Fire Danger in Oregon May Be Lessened with Intentional Power Cuts

In an effort to lessen the risk of wildfires in extremely dry and hot conditions, local utilities in Oregon have made intentional power outages on Friday that could affect tens of thousands of customers prompted by the threat of high winds.

Already common in California due to wildfire fears and power outage concerns, power shut-offs due to extreme fire weather are relatively new to the Pacific Northwest.

According to Erica Fleishman, director of the Oregon Climate Change Research Institute at Oregon State University, the climate change that is bringing drier conditions to the Pacific Northwest now requires strategies that used to be common only in fire-prone California for the past decade or more.

According to, utility companies use a “Public Safety Power Shutoff” when conditions, such as high wind, are forecast in areas with increased wildfire risk to help decrease the possibility that downed power lines could start or worsen a wildfire.

During the shutoffs, utility companies are keeping in touch with affected customers via email, text, and social media, and through the companies’ websites.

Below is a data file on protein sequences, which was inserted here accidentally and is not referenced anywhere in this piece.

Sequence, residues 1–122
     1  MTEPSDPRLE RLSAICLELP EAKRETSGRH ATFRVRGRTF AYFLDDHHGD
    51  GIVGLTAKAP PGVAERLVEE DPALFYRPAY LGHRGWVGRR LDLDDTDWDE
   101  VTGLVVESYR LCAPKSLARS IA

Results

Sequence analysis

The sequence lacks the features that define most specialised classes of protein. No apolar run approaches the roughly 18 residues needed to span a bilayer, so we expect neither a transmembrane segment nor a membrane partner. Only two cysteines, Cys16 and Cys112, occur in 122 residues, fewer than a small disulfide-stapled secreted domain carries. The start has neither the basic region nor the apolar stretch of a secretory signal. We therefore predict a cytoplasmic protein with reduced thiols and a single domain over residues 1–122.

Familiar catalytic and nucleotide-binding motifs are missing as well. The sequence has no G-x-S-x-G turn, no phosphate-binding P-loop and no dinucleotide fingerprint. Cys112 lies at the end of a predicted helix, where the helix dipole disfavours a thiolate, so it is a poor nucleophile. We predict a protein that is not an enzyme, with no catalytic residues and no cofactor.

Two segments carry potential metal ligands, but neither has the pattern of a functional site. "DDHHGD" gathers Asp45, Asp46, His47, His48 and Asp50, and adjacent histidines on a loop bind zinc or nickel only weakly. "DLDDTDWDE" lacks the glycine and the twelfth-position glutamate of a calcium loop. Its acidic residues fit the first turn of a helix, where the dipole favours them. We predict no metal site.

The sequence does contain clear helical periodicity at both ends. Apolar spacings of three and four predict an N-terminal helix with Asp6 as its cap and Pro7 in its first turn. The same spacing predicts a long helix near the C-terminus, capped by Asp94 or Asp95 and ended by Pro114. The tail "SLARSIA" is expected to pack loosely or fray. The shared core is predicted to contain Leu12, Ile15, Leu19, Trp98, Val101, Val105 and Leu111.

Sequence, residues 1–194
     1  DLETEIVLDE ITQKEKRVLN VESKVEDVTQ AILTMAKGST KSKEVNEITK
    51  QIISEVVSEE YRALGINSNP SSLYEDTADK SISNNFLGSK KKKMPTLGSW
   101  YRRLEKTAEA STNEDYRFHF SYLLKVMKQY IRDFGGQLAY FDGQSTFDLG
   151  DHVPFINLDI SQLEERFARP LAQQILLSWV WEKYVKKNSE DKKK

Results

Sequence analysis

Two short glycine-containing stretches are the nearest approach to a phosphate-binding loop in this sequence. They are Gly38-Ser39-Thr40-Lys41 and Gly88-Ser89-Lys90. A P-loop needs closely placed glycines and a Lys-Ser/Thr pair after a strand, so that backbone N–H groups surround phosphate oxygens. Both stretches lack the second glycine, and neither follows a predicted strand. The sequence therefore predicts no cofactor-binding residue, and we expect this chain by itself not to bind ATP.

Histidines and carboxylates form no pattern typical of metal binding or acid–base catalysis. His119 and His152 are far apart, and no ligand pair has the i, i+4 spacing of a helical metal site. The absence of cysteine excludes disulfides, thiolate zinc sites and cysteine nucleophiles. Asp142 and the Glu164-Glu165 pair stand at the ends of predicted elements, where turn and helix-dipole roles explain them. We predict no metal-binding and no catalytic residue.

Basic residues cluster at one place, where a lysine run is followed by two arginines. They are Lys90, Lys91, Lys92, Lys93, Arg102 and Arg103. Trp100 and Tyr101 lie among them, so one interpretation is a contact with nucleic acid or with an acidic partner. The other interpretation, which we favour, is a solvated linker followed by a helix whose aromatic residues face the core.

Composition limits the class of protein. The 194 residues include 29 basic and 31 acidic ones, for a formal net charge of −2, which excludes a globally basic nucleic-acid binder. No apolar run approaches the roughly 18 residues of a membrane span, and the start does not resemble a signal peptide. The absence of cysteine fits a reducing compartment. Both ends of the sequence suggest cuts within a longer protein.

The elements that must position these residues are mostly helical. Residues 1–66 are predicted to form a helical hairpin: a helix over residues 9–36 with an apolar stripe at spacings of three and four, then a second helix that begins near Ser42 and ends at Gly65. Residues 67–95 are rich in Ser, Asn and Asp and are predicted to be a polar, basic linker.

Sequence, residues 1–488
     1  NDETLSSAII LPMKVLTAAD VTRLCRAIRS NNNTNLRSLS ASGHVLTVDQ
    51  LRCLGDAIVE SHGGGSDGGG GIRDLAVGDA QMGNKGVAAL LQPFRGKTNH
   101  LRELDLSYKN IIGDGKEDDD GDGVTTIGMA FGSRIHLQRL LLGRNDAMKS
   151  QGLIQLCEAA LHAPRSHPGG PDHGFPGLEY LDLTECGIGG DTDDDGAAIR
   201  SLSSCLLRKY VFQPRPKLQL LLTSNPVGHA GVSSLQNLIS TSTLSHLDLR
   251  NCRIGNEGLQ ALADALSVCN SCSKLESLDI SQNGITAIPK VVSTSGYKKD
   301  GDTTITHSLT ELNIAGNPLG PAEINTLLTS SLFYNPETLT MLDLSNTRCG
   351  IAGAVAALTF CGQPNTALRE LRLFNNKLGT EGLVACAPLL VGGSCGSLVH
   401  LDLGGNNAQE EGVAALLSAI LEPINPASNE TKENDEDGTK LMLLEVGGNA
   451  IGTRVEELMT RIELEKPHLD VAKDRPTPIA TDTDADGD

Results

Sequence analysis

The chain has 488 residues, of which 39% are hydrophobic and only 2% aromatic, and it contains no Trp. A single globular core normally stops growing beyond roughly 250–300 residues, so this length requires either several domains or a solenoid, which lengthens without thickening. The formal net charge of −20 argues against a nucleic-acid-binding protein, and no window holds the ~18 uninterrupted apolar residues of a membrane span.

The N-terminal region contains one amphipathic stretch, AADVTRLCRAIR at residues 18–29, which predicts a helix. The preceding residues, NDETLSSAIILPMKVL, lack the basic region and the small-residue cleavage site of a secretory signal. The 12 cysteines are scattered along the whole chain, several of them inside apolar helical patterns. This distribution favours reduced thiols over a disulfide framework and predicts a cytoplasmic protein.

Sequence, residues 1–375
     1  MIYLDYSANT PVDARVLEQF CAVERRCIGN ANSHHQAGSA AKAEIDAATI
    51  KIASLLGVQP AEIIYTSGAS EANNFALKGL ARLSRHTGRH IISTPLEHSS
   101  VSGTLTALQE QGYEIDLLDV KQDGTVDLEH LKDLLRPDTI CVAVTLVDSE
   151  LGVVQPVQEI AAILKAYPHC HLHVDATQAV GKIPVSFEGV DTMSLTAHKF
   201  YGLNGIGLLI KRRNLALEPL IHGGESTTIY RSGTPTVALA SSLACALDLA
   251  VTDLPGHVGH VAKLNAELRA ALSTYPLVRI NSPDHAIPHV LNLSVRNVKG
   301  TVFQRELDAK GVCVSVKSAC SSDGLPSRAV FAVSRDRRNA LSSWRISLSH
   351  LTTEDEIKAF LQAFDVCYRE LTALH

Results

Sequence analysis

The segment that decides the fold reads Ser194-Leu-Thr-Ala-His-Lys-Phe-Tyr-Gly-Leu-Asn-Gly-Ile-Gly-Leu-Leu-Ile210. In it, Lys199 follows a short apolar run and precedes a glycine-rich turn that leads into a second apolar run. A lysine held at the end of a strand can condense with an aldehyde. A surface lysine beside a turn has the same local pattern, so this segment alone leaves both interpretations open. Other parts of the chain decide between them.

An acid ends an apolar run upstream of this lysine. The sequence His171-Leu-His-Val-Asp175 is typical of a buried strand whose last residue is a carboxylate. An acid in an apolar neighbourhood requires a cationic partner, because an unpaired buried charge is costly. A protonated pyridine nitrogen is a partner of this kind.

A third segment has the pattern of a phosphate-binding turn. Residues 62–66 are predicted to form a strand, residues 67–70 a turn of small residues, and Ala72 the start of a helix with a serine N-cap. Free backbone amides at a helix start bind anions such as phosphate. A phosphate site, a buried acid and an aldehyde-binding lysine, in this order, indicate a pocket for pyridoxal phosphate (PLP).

Cedar Creek Fire spokesman Bud Sexton noted that the Cedar Creek Fire in central Oregon was of particular concern Friday when the east winds pushed the fire west creating very difficult fire conditions.

As winds of up to 60 mph hit some areas and temperatures hovered in the high 80s and low 90s, more than 40,000 customers, including in Portland’s posh West Hills neighborhood, lost power by late Friday in planned shutoffs.

Authorities also urged residents in the affected areas to charge cell phones and be ready to evacuate at a moment’s notice while schools canceled classes.

After shutting down power to 5,000 customers in 2020 near Mount Hood during firestorms that ravaged the state, this was only the second ever proactive power shutoff for Portland General Electric.

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